For most of us in the Northeast, summertime means longer days and more exposure to the sun. Aside from burning the skin, too much exposure to ultraviolet radiation from the sun (and from some artificial sources) can lead to a number of skin cancers. We’ve long been advised to use sunblock daily on our faces (all year) and to take care of any other skin that’s exposed to the sun for any length of time. But few of us think of how the sun affects our eyes and the skin that protects them. According to the American Society of Opthalmic Plastic and Reconstructive Surgery, while the eyelids are small, they are the thinnest skin on our bodies, which leaves them particularly at risk. We talked with Dr. Harsha Reddy, ophthalmic plastic surgeon at the New York Eye and Ear Infirmary of Mount Sinai to find out more.
How common is eyelid cancer?
Eyelid cancer is much more common than most people think. While we don’t know the exact number of skin cancers affecting the eyelids, we know that the most common types of skin cancer — basal-cell carcinoma, squamous cell carcinoma, and melanoma — affect over 5 million people in the U.S. every year. The number of reported cancers is rising partly due to better detection but also because Americans are living longer and enjoying more active lives outdoors.
Why are eyelids vulnerable to cancer?
The eyelids are at risk for cancer because unlike other parts of the body, the face is usually uncovered and exposed to the sun’s harmful ultraviolet (UV) rays. Many people do not apply sunblock to the eyelid skin out of concern that it will get into their eyes. In addition, the eyelids have specialized glands and other structures that can develop particular types of cancers unrelated to sun damage- such tumors can mimic benign conditions such as styes or cysts.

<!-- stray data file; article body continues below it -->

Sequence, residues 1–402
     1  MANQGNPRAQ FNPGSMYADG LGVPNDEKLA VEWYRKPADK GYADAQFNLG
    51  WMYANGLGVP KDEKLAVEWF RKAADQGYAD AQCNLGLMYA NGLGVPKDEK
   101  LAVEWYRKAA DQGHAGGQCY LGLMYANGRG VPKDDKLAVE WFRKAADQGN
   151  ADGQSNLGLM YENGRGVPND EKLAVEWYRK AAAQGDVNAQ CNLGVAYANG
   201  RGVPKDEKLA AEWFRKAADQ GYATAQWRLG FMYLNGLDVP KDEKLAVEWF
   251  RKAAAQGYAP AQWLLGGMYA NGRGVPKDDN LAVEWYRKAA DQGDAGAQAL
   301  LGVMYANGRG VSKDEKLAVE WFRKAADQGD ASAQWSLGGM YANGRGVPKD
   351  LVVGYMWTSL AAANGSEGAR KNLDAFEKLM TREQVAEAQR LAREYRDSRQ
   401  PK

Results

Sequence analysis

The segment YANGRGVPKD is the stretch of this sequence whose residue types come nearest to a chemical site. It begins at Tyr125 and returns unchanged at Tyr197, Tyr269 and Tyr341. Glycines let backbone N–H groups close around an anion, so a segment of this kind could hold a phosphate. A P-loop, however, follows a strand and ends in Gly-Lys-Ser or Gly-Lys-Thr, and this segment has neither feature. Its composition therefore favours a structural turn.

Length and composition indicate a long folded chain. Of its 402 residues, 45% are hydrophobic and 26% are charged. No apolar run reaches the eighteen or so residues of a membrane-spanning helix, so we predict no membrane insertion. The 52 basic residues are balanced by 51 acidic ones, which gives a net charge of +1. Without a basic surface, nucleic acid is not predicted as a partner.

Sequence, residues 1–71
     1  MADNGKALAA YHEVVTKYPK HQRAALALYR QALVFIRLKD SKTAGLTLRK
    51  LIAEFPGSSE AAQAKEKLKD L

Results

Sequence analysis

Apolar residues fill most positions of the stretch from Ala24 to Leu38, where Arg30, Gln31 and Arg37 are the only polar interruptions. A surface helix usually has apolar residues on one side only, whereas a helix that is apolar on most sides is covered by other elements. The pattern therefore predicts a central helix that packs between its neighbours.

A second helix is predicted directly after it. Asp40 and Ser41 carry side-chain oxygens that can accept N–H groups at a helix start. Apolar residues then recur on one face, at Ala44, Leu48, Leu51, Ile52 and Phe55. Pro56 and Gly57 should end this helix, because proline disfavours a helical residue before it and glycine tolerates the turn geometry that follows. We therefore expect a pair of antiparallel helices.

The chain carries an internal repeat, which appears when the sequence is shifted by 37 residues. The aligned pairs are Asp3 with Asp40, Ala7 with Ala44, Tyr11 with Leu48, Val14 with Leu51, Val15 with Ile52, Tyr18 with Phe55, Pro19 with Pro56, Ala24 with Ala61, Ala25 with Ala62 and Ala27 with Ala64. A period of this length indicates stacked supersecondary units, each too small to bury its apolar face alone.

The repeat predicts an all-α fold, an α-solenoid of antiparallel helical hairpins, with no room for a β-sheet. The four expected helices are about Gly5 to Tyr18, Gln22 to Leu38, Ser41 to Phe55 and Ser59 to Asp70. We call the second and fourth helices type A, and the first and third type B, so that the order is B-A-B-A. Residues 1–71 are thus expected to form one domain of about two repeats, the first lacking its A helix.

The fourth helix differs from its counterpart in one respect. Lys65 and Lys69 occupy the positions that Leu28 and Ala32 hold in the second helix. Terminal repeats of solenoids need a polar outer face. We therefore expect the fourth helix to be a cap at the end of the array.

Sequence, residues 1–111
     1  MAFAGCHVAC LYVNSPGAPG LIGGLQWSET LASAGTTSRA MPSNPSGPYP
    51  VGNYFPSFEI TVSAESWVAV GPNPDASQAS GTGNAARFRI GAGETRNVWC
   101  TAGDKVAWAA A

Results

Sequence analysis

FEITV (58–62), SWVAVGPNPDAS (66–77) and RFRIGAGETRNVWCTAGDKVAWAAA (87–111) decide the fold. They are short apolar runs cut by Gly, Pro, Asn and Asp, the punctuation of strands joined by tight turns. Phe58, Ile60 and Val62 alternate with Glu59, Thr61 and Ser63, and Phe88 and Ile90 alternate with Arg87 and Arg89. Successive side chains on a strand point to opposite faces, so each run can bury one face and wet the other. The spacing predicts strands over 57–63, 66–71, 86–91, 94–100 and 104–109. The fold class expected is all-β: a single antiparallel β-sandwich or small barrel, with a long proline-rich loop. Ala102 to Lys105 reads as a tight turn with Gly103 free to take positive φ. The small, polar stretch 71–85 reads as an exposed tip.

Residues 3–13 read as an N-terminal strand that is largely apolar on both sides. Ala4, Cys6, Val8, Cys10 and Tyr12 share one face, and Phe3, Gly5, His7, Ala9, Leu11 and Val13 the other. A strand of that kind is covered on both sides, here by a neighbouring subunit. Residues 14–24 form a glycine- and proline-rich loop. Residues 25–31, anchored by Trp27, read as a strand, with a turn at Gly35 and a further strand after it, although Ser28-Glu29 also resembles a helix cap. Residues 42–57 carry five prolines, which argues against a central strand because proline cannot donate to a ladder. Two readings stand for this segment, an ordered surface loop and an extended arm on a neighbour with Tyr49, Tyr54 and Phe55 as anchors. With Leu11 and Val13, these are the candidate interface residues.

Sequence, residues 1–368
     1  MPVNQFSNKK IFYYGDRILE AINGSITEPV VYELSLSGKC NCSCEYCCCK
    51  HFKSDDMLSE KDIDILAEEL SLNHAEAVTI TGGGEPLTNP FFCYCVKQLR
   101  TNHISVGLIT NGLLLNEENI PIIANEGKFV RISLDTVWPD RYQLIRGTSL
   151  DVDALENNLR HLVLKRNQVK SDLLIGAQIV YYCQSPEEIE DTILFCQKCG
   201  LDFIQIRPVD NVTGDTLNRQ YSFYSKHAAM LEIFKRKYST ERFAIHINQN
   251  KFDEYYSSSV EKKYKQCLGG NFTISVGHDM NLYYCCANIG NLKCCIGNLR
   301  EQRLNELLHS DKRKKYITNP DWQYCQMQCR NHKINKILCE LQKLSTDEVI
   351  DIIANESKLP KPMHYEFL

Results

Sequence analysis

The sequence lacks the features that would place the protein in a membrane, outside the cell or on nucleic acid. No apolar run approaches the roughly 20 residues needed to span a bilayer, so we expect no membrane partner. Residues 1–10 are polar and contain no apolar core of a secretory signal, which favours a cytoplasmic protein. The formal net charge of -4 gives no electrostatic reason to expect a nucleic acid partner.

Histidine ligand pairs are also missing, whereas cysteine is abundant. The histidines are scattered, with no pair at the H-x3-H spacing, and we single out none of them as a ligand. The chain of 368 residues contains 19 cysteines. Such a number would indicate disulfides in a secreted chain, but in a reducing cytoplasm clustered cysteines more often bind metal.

What can be done to prevent it?
Sun protection, including UV-filtering sunglasses, sunblock and wide-brimmed hats are the best prevention against the most common types of skin cancers. It is important to use sun protection even on partly cloudy days because there is still UV radiation that can damage the eyelids. Regular eye exams can detect early skin cancers or precancerous lesions.
What are the risk factors?
Light-colored skin, older age, and time spent in the sun are the major risk factors for most eyelid cancers. In addition, patients who have undergone radiation, are immunosuppressed or have certain genetic conditions are at higher risk.
What are the symptoms?
Any new eyelid lesion or change in an eyelid lesion can be a symptom of eyelid cancer and should be evaluated by an ophthalmologist or oculoplastic surgeon. Some worrisome features of an eyelid lesion include ulceration, increase in size, change in pigment, or loss of eyelashes.
How is it treated?
Different eyelid cancers have different treatments, and a biopsy is often the first step to making the correct diagnosis and treatment plan. Many patients need surgery, although some need radiation treatment or even chemotherapy. Treatment is very important because untreated tumors can spread to the eyeball and result in decreased vision or even blindness. Tumors detected early can be treated more easily and effectively than those discovered at a later stage.